The mission of new startup Colossal, which has raised $15 million to date, is to genetically reengineer a cold-resistant elephant with all the core biological traits of the extinct woolly mammoth.

Monoclonal antibodies are playing a key therapeutic role in the treatment of some Covid-19 patients, but new research suggests that nanobodies derived from llamas could provide an alternative to monoclonal antibodies through a more effective delivery method—inhalation.

Llama antibodies could soon be playing a role in the global fight against Covid-19, if clinical trials being conducted by a Belgian biomedical start-up live up to their early promise.

If you think you have Covid-19, it might be best to stay away from your pets, says the author of a Dutch study that found a surprising number of dogs and cats may be getting infected.

The U.S. intelligence community on May 27 acknowledged its agencies had two theories on where the coronavirus originated, with two agencies believing it emerged naturally from human contact with infected animals and a third embracing a possible laboratory accident as the source of the Covid-19 pandemic.

The U.S. Food and Drug Administration placed a clinical hold on Larimar Therapeutics’ lead Friedreich’s ataxia (FA) asset, CTI-1601, after the company reported deaths in the highest dose levels of a nonhuman primate toxicology study.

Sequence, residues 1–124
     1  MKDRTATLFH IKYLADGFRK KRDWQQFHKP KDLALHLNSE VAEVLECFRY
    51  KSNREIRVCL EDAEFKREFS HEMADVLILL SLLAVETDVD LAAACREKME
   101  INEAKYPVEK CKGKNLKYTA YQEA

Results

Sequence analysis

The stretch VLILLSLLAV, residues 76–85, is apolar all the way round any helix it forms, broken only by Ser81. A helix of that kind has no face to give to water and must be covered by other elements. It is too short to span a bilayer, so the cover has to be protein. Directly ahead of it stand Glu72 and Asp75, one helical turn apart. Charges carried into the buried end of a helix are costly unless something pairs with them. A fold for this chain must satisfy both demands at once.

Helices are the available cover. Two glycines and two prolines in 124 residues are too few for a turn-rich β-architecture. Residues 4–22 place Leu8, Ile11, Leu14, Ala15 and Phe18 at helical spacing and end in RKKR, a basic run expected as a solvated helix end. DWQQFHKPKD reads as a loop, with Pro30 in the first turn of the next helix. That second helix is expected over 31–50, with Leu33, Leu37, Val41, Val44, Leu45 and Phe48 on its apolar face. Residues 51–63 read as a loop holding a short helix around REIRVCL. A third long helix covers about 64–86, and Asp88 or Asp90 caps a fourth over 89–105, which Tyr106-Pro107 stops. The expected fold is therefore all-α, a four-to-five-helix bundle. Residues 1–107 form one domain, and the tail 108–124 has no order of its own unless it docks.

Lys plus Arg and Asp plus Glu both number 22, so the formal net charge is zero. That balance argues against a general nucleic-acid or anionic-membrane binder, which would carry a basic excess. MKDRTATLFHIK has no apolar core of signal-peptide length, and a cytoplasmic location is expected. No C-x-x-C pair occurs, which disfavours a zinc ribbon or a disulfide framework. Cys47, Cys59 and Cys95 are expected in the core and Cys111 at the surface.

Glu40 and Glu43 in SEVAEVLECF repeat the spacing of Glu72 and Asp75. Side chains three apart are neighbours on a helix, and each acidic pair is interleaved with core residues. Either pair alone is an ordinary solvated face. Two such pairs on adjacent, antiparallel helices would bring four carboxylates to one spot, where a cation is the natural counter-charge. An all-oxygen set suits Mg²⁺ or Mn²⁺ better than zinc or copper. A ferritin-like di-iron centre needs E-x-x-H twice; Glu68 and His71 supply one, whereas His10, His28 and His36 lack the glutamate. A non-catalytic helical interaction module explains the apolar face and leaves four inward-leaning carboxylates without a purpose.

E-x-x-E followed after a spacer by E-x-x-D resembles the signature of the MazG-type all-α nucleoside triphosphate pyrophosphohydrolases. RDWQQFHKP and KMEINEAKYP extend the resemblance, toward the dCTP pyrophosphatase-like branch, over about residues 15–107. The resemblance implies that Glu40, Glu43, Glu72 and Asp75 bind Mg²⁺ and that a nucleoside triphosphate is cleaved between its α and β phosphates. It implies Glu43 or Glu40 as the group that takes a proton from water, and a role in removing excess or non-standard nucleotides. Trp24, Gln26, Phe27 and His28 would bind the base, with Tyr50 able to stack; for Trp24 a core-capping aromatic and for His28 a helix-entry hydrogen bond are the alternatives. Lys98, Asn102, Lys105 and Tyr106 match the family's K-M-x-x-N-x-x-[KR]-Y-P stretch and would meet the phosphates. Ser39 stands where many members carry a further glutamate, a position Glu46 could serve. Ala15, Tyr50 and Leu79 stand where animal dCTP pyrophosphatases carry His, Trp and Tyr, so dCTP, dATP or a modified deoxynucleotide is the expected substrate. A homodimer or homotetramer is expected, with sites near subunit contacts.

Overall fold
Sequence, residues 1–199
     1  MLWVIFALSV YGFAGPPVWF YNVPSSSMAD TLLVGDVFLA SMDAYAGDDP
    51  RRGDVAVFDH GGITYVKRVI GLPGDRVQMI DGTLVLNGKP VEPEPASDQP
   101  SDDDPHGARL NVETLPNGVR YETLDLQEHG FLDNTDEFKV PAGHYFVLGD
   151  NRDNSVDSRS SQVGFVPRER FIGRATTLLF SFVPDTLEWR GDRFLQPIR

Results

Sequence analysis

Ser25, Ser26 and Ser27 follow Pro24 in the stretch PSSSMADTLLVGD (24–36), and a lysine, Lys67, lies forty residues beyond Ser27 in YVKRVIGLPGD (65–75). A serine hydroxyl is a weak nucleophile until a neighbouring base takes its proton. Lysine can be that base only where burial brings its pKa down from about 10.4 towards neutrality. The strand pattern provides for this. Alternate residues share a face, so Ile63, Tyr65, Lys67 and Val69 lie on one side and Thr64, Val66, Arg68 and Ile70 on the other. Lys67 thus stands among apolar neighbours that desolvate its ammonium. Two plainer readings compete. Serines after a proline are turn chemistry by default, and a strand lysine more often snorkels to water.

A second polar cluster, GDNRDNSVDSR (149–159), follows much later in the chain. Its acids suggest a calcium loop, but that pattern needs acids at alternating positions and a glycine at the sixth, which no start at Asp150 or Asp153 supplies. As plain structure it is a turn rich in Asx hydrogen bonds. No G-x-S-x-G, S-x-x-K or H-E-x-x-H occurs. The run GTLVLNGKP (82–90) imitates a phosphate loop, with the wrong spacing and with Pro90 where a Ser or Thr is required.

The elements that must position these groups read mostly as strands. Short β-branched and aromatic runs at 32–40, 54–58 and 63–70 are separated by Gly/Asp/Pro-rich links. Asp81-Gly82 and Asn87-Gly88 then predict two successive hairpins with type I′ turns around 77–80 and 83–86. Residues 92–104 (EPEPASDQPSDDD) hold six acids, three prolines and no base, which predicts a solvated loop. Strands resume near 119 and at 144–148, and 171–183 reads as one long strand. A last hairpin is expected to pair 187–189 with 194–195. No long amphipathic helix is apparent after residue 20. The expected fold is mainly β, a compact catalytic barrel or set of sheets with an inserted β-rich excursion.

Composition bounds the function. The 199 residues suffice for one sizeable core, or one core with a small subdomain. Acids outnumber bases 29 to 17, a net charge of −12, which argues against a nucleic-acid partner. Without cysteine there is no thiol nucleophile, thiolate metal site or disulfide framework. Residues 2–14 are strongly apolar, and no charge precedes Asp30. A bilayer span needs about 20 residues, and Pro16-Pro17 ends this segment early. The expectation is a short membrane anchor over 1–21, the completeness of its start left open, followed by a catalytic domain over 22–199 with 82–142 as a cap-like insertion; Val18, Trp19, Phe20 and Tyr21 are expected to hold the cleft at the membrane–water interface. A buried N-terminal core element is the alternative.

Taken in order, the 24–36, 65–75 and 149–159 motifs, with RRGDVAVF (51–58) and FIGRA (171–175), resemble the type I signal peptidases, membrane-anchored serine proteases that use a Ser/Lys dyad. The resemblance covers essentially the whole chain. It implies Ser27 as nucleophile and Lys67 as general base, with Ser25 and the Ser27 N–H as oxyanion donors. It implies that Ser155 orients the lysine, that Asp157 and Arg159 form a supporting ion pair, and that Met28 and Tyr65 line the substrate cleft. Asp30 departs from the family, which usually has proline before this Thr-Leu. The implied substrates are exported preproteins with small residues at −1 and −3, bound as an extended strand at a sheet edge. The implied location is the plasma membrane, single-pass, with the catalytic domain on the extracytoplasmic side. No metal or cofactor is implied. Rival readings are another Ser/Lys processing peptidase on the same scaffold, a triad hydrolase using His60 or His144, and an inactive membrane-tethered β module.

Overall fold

Russia registered the world’s first vaccine against Covid-19 for animals, the country’s agriculture safety watchdog Rosselkhoznadzor said on March 31.

A joint WHO-China study on the origins of Covid-19 says the virus was probably transmitted from bats to humans through another animal, and that a lab leak was “extremely unlikely” as a cause, the Associated Press reported on March 29.

Belgium-based ExeVir announced a $50 million Series A to take the 9-month-old startup’s lead antibody compound XVR011 into a global Phase Ib/II clinical study soon, representing the first in-human trials using a unique, llama-derived antibody.

A recent study published in Science Translational Medicine shows that a new flu vaccine appears to protect monkeys against influenza strains that are likely to cause a global pandemic, giving researchers hope that this vaccine could hold the key to providing a future universal flu vaccine for humans.